Make no mistake — Global’s Prime Suspect is not a remake of the classic British crime thriller starring Helen Mirren.

Aside from title, what it borrows from its overseas counterpart is a strong, yet flawed, central character determined to prove she’s a damn good homicide detective, no matter what the men in her squad think of her.

On the eve of the big premiere, we caught up with star Maria Bello, who plays Detective Jane Timoney with an absorbing wit and attitude.

Does the title Prime Suspect help create buzz or draw criticism from fans of the British series?

You know, we’ve been so lucky in a way. People have recognized immediately that it’s a way different show. So then the comparisons stop.

Did you have any apprehensions stepping into this role?

Before I took the job, I said no to it. I was scared of being put in some sort of a box and not being able to be collaborative or creative, which often happens in TV. I didn’t want to not see my son; my friends who work on these kinds of shows sometimes work 14 or 5 hours a day.

I met the producers — Pete Berg, Sarah Aubrey, Alex Cunningham, they’re so brilliant — and they said to me, “It won’t be like that. We trust you to create this character how you see this character and collaborate with us. And you’ll never work more than 12 hours a day and you will have a life.”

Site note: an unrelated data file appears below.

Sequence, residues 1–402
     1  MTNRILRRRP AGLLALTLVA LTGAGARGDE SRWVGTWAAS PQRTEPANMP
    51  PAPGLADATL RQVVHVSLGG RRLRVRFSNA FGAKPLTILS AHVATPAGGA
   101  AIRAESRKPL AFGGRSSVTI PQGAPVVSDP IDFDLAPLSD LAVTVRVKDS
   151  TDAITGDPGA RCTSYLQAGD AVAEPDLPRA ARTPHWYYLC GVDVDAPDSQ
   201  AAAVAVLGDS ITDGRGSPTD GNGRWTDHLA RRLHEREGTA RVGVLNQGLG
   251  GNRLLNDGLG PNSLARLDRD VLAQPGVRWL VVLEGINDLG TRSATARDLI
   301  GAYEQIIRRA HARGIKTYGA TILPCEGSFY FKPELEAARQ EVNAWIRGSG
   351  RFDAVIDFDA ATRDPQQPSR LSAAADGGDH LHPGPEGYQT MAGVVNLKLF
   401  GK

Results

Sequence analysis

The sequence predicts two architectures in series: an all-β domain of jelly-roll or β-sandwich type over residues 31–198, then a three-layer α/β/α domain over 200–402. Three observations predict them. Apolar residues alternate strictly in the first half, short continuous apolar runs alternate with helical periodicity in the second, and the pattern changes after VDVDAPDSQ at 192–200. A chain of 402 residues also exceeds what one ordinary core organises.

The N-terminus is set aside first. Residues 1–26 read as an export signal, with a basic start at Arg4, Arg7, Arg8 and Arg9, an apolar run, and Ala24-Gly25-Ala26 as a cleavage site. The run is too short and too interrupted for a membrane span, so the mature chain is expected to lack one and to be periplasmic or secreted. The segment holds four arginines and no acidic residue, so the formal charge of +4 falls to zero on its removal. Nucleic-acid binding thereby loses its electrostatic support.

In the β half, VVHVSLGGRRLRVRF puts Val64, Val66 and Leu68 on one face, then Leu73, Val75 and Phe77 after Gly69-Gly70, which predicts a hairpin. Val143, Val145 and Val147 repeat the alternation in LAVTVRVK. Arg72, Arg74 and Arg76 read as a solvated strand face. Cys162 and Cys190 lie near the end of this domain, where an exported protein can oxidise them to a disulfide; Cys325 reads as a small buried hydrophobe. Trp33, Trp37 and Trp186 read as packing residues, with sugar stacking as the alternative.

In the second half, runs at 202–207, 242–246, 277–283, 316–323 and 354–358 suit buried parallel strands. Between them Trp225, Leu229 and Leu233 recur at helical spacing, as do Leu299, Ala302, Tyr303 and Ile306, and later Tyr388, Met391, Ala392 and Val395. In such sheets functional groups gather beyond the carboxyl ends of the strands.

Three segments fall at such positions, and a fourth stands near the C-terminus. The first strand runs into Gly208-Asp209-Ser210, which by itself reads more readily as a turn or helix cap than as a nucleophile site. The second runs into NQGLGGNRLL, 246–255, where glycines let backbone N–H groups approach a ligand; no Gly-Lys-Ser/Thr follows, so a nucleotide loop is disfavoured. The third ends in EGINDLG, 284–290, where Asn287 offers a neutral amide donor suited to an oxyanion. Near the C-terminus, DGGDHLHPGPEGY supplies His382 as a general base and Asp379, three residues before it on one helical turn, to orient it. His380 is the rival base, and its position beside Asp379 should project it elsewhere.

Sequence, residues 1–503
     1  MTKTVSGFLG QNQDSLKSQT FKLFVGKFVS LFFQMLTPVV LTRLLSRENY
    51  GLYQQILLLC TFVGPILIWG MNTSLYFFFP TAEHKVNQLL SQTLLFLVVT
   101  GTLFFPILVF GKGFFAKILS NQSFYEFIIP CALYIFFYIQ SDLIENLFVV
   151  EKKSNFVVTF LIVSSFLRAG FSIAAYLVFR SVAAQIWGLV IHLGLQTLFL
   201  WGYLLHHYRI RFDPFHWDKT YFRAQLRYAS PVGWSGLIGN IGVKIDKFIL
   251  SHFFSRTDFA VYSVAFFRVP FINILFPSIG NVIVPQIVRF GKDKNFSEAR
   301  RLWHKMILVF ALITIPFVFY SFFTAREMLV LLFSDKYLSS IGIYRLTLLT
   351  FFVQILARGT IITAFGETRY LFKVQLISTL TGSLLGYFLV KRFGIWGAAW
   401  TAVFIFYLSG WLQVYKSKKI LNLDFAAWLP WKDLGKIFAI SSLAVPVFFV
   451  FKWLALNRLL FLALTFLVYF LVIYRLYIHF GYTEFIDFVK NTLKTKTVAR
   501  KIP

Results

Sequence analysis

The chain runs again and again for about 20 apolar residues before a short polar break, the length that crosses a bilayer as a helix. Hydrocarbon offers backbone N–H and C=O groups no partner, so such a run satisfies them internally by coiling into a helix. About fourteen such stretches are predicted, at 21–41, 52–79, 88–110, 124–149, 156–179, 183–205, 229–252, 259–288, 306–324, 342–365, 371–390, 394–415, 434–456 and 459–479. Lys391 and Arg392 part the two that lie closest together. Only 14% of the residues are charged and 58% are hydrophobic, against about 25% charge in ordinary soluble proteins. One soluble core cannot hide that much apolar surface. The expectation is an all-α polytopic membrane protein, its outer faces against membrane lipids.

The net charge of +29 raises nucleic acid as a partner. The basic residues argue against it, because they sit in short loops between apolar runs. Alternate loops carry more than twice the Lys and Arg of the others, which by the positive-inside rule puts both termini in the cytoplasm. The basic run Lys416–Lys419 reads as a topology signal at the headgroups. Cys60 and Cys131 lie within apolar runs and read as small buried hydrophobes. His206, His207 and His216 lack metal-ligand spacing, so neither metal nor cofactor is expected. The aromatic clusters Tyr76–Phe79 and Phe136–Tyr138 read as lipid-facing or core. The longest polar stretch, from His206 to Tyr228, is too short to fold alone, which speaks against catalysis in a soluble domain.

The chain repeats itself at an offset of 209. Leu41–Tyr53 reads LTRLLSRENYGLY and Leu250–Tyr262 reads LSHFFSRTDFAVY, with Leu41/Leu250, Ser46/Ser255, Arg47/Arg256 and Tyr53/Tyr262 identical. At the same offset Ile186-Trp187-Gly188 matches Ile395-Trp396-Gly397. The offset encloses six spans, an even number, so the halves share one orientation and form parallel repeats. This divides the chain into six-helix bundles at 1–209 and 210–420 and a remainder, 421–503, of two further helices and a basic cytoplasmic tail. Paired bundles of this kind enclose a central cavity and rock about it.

And they’ve lived up to their promises and it’s just the most extraordinary job I’ve had.

Can you talk about making Jane Timoney your own character? Details like her scarves and the hat and smoking — how much input did you have in those little things that are so much a part of her?

The brilliant Amy Stofsky, the costume designer, she and I had the exact same idea for the clothing, which is an updated Katharine Hepburn. You know, that kind of male-female look that she’s really feminine, but at the same time wears these kind of sexy men’s clothes. And I went in that direction and at first the (producers) were like, “Well, uh, I don’t know.” But I really fought for it and said, “Listen, she has her own style. I know great policewomen, as well as men, who have great style.”

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